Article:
There is a slight ick factor when Ji-ha initially flirts with her. But the way Doo-ri deals with it is hilarious, recalling to herself that his game is as clumsy as that of his grandfather’s (her deceased husband’s). Soon, the two enter a more sibling-like relationship, with Doo-ri joining Ji-ha’s band and transforming it into an (almost) overnight sensation.

One of the film’s cutest scenes occurs when Ji-ha writes a well-received song. Doo-ri pats him on the butt, just as a grandma would to her young grandchild. To cover up her faux pas, she then pats all the band members’ rears and says it’s how she celebrates. From then on, that becomes their thing. They celebrate each milestone by slapping each other’s butts.

As for ↓Seung-woo, Doo-ri develops feelings for him. But when he says he has never met anyone like her before and is falling for her, I sense that he finds comfort in her old soul.

“You smell like my mother, who I can’t remember,” he says, after telling her that his mother died when he was a baby.


Some of the film’s best moments are the musical numbers. Shim sings all her own songs and she displays a pure, lovely voice that harkens back to a time when vocalists could actually sing.

In “White Butterfly,” the song below, Doo-ri relives her difficult past — marrying a man who would die a year later, leaving her a widow when she was barely a bride. She would raise their infant alone, washing dishes at a restaurant outside while her baby son was tethered to a rope, so that he wouldn’t wander off. She sheds a tear at the end of the song and, I will admit, I choked up throughout the song as well.

When Ji-ha is in a serious automobile accident, Oh Doo-ri does what most parents/grandparents would do: she gives up her life so that he will survive. In this case, she doesn’t die, but she willingly gives up her youth to save his.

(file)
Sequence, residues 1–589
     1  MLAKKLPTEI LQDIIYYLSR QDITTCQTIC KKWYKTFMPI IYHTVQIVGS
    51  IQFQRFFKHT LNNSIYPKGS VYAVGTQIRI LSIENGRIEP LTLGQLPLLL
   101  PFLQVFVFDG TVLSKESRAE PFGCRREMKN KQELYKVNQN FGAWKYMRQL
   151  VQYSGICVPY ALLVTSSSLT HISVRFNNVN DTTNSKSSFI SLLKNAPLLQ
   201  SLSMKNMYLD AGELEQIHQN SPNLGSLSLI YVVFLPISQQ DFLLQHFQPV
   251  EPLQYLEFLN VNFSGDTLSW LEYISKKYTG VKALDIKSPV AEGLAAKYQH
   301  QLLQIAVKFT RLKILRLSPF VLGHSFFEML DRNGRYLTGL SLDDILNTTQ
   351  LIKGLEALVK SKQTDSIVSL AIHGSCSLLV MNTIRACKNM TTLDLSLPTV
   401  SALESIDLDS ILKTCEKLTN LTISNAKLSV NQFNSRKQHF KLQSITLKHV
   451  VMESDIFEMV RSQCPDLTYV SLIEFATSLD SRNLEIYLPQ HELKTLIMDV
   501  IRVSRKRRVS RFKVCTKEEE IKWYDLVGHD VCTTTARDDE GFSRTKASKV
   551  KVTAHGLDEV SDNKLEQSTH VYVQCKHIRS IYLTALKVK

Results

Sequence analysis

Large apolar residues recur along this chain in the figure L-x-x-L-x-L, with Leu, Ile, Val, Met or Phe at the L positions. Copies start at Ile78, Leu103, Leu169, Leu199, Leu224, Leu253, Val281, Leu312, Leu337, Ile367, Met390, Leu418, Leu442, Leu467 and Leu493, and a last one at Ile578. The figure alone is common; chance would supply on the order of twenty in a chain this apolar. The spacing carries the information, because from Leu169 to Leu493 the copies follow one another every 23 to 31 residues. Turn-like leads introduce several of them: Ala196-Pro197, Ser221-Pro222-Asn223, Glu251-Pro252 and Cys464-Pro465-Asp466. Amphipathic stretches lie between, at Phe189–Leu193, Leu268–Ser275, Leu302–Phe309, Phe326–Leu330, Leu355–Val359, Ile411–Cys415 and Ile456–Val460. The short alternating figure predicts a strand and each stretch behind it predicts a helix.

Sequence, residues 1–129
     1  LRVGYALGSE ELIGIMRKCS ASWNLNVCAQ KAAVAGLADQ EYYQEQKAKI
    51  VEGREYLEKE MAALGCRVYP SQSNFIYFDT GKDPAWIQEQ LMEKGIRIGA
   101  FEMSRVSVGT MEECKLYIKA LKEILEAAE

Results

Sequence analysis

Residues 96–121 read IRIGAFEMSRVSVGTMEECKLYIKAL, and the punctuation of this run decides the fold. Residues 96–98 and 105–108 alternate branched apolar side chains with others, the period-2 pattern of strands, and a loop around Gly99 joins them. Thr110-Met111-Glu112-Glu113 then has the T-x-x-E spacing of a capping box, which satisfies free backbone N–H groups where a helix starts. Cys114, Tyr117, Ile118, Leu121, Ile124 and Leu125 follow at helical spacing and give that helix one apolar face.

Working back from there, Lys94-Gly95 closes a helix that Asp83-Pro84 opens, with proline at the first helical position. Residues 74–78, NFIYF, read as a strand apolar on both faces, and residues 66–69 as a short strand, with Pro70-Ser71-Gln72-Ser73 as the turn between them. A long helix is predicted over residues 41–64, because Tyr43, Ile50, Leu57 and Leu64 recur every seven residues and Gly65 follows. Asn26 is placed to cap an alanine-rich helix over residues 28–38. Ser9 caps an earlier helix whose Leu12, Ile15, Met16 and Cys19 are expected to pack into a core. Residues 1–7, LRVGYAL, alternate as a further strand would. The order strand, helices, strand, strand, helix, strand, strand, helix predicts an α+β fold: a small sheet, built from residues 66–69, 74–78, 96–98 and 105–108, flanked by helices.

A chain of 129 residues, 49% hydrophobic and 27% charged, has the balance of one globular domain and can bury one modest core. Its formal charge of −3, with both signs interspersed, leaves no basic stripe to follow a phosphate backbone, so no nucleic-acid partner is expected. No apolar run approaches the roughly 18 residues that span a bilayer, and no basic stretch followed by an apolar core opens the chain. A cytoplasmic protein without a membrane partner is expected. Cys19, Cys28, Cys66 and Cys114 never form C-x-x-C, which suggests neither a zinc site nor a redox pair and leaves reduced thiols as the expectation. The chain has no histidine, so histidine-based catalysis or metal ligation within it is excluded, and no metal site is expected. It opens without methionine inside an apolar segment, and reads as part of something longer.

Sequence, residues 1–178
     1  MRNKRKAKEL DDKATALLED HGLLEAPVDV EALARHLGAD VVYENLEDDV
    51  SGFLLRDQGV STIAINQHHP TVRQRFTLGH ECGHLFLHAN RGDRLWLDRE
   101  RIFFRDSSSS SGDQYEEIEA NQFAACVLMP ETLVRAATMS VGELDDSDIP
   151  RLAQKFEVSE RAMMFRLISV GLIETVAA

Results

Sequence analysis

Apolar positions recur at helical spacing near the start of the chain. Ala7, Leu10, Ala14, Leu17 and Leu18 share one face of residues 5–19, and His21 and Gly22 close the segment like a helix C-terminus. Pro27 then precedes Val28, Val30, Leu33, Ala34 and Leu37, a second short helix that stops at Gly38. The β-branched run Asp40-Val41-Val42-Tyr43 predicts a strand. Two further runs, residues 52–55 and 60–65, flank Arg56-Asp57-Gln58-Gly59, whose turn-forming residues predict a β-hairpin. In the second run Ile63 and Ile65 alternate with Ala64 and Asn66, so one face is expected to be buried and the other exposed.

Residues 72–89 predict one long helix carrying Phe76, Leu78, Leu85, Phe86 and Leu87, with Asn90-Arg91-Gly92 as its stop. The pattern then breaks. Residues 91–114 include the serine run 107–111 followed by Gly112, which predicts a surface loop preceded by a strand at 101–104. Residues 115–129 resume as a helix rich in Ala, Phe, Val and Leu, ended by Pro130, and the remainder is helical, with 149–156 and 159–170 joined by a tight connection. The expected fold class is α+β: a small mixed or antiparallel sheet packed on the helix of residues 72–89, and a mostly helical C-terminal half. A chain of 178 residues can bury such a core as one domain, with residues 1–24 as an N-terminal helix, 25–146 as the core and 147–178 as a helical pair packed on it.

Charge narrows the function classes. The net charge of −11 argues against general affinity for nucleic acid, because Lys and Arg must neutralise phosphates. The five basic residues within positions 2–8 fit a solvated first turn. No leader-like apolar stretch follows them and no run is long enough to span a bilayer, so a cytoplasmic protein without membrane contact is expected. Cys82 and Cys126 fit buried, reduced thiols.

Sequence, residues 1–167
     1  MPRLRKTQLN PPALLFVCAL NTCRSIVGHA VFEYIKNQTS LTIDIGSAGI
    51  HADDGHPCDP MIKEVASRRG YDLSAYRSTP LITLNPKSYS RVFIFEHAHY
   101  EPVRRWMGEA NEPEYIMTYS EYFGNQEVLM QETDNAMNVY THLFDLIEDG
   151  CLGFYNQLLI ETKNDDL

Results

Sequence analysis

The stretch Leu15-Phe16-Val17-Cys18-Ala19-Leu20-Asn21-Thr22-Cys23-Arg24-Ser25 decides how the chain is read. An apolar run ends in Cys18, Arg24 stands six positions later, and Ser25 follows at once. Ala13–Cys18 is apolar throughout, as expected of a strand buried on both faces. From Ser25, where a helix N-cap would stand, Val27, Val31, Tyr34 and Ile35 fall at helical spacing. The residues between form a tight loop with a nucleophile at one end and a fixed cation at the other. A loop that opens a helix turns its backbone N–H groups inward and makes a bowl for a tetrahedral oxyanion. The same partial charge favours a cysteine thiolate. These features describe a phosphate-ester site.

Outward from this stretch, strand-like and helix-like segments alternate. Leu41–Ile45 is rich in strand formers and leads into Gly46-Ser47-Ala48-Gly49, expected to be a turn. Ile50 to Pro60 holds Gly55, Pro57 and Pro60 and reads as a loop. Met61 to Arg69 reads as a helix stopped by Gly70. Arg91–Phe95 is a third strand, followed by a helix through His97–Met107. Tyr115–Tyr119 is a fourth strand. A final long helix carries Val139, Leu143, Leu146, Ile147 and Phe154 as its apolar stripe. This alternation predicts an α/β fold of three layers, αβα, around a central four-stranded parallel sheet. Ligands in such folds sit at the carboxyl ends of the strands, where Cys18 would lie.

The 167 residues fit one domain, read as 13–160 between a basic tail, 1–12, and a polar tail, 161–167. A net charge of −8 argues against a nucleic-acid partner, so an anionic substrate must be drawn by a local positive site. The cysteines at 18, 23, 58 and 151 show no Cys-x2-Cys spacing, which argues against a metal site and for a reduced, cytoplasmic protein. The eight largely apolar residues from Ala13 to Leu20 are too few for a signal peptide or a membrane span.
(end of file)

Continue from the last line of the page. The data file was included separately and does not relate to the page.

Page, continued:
When her son realizes that Oh Mal-soon and Oh Doo-ri are the same person, Hyun-chul says he will make sure his son survives, but that now it’s her time to live a happy life. He begs her to marry a man who won’t die young and to have a grateful child who will treat her better than he has.

She tells him that given the chance to do it all over again, she would do it exactly the same. She is his mother and he is her family. That’s basically what is being said in the scene below:

And it’s a scene that never fails to make me cry.

Some might call it melodramatic, but my father said the same thing before he died — that he wouldn’t have changed any of his hardships, because without them his life wouldn’t have included the web of events that led to his meeting my mother and them having us.

And my mother, who led a very difficult life as the wife of the oldest son — which basically meant she became a servant to her in-laws — says the same thing: that she wouldn’t have traded her life for an easier life, because then she wouldn’t have had us.

The film ends with a nice surprise for K-drama fans. Kim Soo-hyun, the star of the popular series “My Love from Another Star,” makes a fun cameo appearance, ensuring that Mal-soon is indeed on her way to leading a happily ever after life.

Film stills courtesy of CJ Entertainment.

Release date: January 22, 2014.

Running time: 124 minutes.

© 2015 JAE-HA KIM | All Rights Reserved

Comments (25)

  1. Mandy says:

    Oh my heart! Just watching the clips you have here made me sob! I’m looking forward to watching this movie. Thanks for sharing your review with us.

  2. Amy says:

    Loved this review, Jae! You did a brilliant job of reviewing, and thank you for sharing the bits about your family, too. I just wanted to point out that the son (the professor) wasn’t a bad guy. He was really gutted about sending his mother to the nursing home, which is still a taboo in many Asian countries. Although let’s be clear–no one WANTS to go to a nursing home in any country. But he had to decide what would be best for his family. His wife was stressed and the doctor was saying she would die if she didn’t relax. And he saw how his mother treated her. And yet he can’t order his mother to stop doing that, because that’s not how it works. I was so happy at the happy ending and how it worked out well for everyone. Call me a softie, but I love those happily ever after endings. 🙂

  3. Eleanor says: